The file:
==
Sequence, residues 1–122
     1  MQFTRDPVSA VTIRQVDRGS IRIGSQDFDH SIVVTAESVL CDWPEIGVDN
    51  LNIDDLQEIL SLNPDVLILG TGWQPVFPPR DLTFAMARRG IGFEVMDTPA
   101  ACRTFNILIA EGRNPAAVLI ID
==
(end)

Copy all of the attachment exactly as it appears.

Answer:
Sequence, residues 1–122
     1  MQFTRDPVSA VTIRQVDRGS IRIGSQDFDH SIVVTAESVL CDWPEIGVDN
    51  LNIDDLQEIL SLNPDVLILG TGWQPVFPPR DLTFAMARRG IGFEVMDTPA
   101  ACRTFNILIA EGRNPAAVLI ID